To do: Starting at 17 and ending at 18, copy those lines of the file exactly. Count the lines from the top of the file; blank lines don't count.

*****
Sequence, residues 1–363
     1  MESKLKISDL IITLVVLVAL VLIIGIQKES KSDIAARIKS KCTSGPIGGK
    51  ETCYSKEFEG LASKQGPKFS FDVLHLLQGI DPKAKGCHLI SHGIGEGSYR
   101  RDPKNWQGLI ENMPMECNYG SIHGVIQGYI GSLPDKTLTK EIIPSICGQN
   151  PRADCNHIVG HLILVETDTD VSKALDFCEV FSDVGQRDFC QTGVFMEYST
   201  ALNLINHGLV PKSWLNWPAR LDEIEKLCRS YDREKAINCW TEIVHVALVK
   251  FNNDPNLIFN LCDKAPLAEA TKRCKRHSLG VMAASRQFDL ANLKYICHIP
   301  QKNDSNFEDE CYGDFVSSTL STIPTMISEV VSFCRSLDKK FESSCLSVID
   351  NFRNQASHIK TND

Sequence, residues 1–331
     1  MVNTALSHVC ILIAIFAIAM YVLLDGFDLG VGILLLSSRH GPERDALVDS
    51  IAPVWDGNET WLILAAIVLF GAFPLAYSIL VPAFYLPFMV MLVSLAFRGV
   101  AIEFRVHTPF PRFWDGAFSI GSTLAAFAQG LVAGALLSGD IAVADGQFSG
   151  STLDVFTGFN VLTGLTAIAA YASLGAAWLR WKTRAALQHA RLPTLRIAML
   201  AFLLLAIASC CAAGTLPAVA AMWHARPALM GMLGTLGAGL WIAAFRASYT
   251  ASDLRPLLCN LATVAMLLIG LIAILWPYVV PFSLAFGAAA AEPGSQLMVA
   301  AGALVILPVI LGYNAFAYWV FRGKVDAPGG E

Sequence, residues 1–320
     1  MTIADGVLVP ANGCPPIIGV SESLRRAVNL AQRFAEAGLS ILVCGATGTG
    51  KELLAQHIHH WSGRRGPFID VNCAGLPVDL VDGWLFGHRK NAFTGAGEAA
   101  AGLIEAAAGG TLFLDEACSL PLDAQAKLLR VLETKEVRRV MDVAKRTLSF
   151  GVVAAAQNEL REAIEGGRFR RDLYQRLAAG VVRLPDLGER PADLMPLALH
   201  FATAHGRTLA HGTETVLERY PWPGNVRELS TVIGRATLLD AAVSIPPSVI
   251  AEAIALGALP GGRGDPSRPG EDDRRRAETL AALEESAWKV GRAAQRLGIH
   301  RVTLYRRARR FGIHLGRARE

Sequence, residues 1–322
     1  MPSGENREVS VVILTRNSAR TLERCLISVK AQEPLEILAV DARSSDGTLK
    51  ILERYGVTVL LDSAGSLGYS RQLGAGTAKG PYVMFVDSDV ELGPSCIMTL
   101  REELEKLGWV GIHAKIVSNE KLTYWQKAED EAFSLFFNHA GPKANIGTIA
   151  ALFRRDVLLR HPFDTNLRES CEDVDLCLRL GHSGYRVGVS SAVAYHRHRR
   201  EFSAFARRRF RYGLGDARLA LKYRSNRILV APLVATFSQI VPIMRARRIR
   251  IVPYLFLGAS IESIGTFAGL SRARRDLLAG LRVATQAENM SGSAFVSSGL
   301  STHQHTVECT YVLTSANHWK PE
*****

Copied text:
   301  AGALVILPVI LGYNAFAYWV FRGKVDAPGG E

Sequence, residues 1–320